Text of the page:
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controls our downtown?
(Published November 20, 2000)
The downtown business community joined Mayor Anthony Williams and his top economic development appointees Nov. 14 in a grand presentation of their new "Downtown Action Agenda" designed to be, in the mayor’s words, "a strong engine that drives economic prosperity throughout the city."
There was a lot of talk about new jobs and new housing — the usual carrots that get dangled in front of D.C. residents to gain their support for political agendas.
There was also a lot of talk about "making sure this happens" — that this new plan doesn’t languish like all the rest.
The intent to "fast-track" this far-reaching agenda was evident. City planning director Andrew Altman went so far as to announce that "these things are on the way and are actually happening."
Altman also mentioned the possible use of "eminent domain" — the right of government to take private property for public use, with compensation determined by the government — to spur the redevelopment of what he called "10 acres in the heart of downtown." Tax abatements for housing developers also are part of the overall plan, which will be driven by a new public-private partnership.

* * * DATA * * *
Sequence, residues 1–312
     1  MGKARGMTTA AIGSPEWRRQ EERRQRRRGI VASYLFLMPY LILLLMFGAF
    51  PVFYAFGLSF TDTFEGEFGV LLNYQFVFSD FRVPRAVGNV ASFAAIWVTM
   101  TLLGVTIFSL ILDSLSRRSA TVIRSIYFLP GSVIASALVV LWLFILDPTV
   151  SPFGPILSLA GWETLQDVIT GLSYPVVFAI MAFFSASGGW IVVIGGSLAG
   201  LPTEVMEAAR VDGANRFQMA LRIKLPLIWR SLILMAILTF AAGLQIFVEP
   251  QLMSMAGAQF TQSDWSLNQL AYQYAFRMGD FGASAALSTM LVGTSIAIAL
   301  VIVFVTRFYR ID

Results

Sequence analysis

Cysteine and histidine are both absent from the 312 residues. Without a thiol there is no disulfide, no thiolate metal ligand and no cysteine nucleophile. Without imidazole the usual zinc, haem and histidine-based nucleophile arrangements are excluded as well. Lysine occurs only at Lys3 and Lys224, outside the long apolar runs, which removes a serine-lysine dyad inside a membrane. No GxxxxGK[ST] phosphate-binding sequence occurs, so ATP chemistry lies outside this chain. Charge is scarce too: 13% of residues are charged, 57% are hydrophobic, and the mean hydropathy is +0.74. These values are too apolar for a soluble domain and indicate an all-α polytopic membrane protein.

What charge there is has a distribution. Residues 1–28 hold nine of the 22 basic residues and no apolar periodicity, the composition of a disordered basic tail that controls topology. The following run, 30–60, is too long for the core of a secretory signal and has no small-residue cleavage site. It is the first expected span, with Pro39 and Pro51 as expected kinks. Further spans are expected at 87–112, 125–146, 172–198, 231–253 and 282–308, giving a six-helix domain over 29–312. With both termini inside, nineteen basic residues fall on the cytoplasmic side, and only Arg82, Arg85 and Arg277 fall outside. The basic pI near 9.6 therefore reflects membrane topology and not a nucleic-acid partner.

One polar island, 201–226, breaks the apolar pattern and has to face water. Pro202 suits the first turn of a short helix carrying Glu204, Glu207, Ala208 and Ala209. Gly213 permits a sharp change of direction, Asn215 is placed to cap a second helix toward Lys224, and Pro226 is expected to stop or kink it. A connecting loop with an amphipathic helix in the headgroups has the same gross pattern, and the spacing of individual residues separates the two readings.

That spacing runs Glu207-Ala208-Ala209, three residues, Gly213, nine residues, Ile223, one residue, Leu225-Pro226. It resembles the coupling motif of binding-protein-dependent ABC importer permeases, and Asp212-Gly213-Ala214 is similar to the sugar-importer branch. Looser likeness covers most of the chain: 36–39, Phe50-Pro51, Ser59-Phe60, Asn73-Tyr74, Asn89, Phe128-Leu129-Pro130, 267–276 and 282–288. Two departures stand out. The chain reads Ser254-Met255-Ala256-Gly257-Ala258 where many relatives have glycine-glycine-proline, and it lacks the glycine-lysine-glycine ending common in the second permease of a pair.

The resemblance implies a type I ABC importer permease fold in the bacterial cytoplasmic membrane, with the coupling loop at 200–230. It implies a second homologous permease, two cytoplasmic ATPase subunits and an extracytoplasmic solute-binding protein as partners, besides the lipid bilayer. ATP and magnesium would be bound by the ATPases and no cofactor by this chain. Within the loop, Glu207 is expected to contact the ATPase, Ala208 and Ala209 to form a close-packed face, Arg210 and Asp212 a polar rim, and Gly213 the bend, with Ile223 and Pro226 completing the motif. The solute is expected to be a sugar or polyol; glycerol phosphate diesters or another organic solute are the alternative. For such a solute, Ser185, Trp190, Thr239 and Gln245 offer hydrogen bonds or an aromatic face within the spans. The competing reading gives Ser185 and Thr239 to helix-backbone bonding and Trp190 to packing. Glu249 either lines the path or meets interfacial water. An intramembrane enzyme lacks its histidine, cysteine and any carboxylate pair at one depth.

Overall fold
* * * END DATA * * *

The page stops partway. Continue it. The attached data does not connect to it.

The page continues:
Whoa. Time out.
We asked the mayor later that day how D.C. residents’ opinions about the future of their downtown were included in the planning process. The answer, in short, was that they weren’t. A handful of downtown residents were included on a business-dominated task force. Oops!
Significant public resources and public consequences are part of the mayor’s new downtown agenda. The public needs to have a significant role in the process.
Copyright © 2000 The Common Denominator